From Coco in British Columbia, Canada
Knowing that the name “Coco” is French for “little pet,” one might natural expect that an artist with this moniker would produce an illustration with lofty themes of innocence and purity. Perhaps a mother wolf coddling her young might be appropriate, or maybe even a transcendental vision of a human and a wolf frolicking together in a field of heather, communing with each other in perfect harmony. But as you can see from the illustration above, assumptions don’t always translate into realities, and sometimes our expectations can be shattered so wildly that our minds are left reeling with the difficult task of reconciling our predictions with actuality.
This wolf, although not overtly engaged in any particular scene of violence, is one of the most frightening that I have received. He is not depicted in profile or presented at a distance. This wolf is up close, personal, and in your face. There’s no denying his presence as he locks eyes with the viewer, his fangs and jowls smoking with bloody execution as if he has just finished unseaming fresh victims from the naves to the chops. He is overtly dangerous, chillingly ominous, and certainly menacing.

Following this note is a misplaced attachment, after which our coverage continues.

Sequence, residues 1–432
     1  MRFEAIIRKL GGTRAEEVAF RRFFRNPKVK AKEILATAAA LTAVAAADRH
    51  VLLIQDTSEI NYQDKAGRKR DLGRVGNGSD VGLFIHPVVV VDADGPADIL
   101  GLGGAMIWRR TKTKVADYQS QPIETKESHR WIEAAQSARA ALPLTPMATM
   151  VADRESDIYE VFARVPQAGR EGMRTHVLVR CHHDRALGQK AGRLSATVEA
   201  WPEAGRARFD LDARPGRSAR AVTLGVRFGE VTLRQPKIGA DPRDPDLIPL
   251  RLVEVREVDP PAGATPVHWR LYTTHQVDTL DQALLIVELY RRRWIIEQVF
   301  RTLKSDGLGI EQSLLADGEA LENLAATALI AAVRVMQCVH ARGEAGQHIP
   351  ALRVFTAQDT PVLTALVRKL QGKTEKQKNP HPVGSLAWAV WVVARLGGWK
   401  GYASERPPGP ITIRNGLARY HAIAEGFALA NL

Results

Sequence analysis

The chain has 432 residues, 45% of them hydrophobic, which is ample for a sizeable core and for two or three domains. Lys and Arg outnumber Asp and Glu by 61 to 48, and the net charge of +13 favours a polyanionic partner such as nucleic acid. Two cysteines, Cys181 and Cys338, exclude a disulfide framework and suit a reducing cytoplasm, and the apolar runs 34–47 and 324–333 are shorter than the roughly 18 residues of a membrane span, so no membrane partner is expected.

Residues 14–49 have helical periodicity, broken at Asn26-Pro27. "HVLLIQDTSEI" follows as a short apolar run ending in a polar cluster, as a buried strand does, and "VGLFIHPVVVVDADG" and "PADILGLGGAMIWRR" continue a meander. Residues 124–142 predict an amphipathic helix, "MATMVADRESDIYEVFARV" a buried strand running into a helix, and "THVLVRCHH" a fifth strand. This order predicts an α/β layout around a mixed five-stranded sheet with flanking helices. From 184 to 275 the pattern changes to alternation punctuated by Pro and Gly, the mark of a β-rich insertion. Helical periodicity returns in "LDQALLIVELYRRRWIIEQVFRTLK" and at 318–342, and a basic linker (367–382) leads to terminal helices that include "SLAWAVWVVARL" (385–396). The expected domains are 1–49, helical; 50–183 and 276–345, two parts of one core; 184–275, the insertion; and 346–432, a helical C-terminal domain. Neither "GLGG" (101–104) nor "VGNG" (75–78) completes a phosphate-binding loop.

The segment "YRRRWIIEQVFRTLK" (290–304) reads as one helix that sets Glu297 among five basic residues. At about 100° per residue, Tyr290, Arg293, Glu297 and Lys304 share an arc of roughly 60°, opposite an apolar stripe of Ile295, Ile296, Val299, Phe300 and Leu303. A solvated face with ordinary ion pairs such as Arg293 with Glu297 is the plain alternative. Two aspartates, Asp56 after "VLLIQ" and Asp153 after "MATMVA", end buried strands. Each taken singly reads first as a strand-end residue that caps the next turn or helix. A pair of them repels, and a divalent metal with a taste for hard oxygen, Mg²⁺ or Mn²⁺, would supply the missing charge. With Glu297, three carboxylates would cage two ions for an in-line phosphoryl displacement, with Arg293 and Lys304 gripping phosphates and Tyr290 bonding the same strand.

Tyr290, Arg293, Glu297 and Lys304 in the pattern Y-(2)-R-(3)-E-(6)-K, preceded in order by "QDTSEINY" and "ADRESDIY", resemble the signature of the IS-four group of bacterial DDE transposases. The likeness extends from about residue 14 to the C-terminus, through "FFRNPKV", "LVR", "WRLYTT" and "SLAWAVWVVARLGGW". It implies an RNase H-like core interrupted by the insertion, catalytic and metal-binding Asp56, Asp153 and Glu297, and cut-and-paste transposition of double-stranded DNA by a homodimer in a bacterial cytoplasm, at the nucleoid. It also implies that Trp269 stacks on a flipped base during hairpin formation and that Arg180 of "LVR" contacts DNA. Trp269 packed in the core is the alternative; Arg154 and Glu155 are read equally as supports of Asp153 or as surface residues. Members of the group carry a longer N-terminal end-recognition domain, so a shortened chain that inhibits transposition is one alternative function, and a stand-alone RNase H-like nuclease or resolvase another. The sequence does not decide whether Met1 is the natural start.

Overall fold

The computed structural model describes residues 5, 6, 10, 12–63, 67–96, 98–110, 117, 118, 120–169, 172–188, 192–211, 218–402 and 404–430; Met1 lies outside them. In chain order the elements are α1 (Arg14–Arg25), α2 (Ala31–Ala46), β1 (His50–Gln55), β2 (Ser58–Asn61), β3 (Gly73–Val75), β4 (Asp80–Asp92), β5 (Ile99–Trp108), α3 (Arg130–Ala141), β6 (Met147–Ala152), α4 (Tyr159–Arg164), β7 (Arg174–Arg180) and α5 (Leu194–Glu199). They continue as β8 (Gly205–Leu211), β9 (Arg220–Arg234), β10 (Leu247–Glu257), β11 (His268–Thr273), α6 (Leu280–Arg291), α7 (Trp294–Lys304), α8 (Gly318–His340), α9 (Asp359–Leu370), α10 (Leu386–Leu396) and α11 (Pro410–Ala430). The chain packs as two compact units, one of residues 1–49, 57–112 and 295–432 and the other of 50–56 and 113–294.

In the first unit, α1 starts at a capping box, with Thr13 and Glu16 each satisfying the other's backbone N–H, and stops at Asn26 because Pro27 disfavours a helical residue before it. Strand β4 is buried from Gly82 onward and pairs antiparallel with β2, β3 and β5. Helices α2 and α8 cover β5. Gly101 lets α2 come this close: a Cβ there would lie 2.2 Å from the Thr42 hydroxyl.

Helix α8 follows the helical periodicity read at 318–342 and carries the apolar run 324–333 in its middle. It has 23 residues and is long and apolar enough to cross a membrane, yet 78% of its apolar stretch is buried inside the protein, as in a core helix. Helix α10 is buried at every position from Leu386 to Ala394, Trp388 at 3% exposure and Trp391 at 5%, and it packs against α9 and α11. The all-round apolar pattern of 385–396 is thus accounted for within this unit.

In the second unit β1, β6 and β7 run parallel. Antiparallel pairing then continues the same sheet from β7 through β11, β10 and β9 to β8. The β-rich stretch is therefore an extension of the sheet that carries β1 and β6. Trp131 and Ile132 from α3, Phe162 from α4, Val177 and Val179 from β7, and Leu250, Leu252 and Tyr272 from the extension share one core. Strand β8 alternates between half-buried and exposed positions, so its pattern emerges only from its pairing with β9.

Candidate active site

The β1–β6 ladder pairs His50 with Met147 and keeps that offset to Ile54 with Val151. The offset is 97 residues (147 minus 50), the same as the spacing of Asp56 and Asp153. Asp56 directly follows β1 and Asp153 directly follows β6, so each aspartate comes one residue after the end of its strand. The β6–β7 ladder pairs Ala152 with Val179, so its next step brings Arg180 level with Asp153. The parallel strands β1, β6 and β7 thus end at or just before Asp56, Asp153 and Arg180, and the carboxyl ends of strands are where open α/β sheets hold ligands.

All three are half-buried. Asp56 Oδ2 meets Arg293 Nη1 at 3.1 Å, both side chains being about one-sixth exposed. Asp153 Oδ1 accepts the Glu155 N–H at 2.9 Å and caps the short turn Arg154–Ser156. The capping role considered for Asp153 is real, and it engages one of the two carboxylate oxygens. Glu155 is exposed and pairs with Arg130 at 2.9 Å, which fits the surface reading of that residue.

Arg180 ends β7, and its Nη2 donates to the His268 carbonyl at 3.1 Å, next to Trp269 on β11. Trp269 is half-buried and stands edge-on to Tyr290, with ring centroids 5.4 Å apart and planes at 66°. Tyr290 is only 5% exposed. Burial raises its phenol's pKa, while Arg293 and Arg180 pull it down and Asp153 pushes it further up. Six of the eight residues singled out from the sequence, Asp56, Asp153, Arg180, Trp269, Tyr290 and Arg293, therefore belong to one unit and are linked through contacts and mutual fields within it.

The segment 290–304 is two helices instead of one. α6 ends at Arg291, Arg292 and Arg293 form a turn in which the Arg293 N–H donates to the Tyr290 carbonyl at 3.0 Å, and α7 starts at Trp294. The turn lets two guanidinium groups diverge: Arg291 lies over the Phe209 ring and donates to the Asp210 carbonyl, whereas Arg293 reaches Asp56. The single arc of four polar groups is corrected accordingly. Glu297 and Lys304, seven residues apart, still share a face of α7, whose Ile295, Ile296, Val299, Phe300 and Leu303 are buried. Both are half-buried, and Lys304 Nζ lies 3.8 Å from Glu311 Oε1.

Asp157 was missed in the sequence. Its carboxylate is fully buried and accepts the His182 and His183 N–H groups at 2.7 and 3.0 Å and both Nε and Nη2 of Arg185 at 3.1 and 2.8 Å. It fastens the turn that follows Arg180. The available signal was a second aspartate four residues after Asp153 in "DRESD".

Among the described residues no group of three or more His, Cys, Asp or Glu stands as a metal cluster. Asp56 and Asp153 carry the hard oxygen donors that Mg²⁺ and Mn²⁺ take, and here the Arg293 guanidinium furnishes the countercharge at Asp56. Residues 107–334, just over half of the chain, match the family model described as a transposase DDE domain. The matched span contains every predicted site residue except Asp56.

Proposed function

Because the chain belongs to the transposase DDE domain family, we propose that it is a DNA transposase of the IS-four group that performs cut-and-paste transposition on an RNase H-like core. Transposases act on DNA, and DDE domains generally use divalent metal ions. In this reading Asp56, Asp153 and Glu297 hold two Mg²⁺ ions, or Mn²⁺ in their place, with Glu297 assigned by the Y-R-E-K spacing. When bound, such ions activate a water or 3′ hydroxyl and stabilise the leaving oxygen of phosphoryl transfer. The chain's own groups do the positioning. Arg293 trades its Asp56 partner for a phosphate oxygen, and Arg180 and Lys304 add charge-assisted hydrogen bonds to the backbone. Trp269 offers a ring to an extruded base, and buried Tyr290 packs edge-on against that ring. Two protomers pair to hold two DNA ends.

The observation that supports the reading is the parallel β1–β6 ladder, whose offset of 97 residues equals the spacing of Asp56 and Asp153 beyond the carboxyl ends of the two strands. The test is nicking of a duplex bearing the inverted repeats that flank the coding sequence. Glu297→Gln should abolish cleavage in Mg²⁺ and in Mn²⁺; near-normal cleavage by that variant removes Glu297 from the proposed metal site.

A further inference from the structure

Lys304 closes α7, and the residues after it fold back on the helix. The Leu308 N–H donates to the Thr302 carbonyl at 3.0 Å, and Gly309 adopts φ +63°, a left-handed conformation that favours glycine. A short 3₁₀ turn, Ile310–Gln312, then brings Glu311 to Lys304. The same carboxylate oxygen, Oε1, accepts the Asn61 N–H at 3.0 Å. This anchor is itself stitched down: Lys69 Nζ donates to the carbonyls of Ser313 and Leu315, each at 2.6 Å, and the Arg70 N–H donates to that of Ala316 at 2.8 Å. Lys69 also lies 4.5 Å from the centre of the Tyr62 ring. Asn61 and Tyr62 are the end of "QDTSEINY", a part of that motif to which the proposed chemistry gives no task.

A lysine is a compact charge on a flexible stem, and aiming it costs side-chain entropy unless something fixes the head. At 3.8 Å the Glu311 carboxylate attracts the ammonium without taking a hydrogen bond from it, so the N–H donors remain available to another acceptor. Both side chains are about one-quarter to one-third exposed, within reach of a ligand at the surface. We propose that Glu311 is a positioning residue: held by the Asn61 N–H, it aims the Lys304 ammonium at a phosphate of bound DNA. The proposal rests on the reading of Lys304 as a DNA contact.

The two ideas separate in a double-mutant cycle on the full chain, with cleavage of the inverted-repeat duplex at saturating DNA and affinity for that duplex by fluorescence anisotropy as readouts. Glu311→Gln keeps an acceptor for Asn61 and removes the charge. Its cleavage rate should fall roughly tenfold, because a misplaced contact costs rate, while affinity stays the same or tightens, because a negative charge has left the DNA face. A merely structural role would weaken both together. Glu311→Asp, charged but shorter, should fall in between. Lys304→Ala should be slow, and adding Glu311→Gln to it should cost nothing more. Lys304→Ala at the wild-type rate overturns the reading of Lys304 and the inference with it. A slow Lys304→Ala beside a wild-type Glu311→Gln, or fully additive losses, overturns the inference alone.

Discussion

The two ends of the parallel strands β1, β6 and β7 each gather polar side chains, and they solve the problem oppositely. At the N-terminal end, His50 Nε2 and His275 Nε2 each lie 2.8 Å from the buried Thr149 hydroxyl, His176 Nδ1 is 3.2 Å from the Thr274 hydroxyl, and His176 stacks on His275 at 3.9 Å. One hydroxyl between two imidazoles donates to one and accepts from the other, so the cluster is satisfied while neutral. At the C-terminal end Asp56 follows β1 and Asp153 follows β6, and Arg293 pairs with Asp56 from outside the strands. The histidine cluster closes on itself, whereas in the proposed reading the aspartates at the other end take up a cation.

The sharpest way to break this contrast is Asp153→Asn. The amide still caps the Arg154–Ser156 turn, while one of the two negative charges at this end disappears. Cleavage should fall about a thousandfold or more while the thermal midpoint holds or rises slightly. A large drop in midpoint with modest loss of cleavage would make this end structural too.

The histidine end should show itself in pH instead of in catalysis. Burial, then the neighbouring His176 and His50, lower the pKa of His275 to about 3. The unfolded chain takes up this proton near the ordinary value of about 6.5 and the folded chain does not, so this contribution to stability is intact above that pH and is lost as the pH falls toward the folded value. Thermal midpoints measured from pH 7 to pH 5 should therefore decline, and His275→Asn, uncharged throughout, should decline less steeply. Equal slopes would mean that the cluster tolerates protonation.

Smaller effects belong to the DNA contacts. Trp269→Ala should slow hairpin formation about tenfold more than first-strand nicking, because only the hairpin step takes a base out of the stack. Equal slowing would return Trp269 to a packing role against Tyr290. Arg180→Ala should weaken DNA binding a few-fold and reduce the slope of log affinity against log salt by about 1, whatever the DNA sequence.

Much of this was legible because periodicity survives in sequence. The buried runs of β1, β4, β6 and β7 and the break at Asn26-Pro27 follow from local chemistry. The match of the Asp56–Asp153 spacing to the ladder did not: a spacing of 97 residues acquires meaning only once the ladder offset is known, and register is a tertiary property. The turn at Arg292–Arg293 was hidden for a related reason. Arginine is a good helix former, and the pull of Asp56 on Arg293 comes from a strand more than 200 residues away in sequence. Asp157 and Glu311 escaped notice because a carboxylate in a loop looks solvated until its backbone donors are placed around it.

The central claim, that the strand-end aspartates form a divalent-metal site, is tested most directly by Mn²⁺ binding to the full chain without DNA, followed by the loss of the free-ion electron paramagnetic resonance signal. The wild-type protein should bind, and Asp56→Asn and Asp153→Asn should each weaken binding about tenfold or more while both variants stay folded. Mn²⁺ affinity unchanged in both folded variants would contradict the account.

When considering exactly how I would go about constructing this post, I decided early on that I wanted to pair this illustration with a wolf-related song that was just as sinister and forbidding as the picture. I started researching dark and gloomy werewolf-related compositions and seemed to be having no luck, but all of a sudden the lupine gods stepped in, and with a random youtube click, I had stumbled upon a werewolf melody that was too applicable to be denied. First of all the name of the artist is Cocorosie. I’m sure you can see the connection between the name of the musical artist and the name of the artist behind this illustration. Secondly, this song, entitled “Werewolf,” seems to accurately encapsulate the full experience that Coco offers in her picture. When you listen to the song, you’ll notice a strangely conflicted combination of sweetness and savagery that somehow seems to works all too well. There is an innocence in the voice, tone, and musicality that is very enticing, but the lyrics and theme of the song are undeniably disturbing and fit this illustration like a murderous glove.